And maybe just one final one, just reflecting on a discussion we just had on the environment. I'm not completely convinced that this is a really very good environment for Investment Banking activities. If you look at the -- my first slide, which was giving you the usual, primary, fee pools and leveraged finance -- and a lot of things are down here. So that's also why we feel that the performance of that business is a good performance considering that context, yes, okay?


Operator [19]


We will now take our next question, and the question comes from the line of Magdalena Stoklosa, Morgan Stanley.


Magdalena Lucja Stoklosa, Morgan Stanley, Research Division - MD [20]


I've got 2 questions. One is about costs, and another one about the evolution of NII. So on the costs side, and I think it's quite clear on Slide 33, your continuing cost efficiency, it's -- restructuring, it was much easier for us to kind of pinpoint specific projects as to kind of where the cost savings were coming from, but now when you're in kind of business-as-usual mode, the costs kind of continue declining even in absolute kind of terms.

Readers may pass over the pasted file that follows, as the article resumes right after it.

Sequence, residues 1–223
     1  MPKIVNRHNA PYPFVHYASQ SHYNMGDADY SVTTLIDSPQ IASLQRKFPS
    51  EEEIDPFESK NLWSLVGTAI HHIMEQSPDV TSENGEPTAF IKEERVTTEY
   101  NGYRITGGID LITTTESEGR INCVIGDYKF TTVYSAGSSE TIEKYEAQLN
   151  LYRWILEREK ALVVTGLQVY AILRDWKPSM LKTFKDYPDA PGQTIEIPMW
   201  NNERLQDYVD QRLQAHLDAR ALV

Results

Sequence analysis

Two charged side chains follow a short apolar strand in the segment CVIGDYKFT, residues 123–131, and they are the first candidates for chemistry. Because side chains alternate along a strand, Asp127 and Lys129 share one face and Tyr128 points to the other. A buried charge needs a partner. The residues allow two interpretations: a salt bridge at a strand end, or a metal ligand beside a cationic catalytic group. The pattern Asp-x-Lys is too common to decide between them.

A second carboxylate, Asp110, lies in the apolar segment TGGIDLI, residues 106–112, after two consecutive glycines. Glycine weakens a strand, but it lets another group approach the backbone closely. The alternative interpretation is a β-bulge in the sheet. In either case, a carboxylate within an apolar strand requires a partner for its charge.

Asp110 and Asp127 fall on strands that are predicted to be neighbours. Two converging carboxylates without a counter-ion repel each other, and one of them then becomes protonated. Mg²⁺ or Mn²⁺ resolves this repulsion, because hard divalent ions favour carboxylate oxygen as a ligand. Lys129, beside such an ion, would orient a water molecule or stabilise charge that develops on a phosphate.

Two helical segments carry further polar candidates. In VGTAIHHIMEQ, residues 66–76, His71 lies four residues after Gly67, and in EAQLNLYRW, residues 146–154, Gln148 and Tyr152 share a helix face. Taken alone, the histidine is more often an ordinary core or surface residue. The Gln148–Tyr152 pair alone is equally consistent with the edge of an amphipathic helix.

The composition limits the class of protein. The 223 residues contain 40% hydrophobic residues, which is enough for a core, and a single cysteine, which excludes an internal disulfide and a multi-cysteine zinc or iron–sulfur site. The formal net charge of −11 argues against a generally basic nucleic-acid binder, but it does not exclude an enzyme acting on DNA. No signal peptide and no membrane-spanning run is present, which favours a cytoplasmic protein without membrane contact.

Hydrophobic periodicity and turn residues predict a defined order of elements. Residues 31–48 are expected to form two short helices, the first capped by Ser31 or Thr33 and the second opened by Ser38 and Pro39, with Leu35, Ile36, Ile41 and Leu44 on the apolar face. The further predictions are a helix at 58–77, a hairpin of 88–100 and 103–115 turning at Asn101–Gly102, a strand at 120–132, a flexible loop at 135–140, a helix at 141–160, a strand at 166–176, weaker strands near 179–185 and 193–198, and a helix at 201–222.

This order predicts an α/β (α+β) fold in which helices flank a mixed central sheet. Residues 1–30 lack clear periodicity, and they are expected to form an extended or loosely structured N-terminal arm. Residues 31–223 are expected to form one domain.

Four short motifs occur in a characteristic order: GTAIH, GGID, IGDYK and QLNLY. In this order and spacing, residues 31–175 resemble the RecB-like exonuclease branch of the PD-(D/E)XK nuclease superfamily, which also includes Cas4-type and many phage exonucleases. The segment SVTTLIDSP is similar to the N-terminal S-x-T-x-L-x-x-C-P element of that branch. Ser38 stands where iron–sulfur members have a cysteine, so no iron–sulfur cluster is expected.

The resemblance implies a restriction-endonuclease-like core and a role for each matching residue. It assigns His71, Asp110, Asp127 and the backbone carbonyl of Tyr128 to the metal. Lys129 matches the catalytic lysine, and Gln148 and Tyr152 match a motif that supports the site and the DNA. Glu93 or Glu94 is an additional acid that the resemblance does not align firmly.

Could you give us a sense more operationally where the savings are generated or which investments that you have kind of put through over the last couple of years are actually yielding those efficiencies? And also a small kind of sub question to that: your head count. Your q-on-q head count increased by over 1,000. And I was just wondering what's driving that increase, whether it's the underlying business or the shifting of the workforce in-house.

And my second question on NII, very resilient performance kind of year-on-year. Your loans have grown within wealth quite nicely. If we look it up, it was 10%; IWM 7%, but how should we look at your NII evolution into 2020? I'm kind of more interesting -- interested in what you think about the kind of defense against the lower rate from here; the impact of the depo tiering in Switzerland; and of course, your repricing of deposits. I assume -- you've talked about Swiss deposits. I assume similar things happening in euros as well. And of course, how do you see the USD stock of your NII into next year too? Sorry. There's a lot of questions in 2.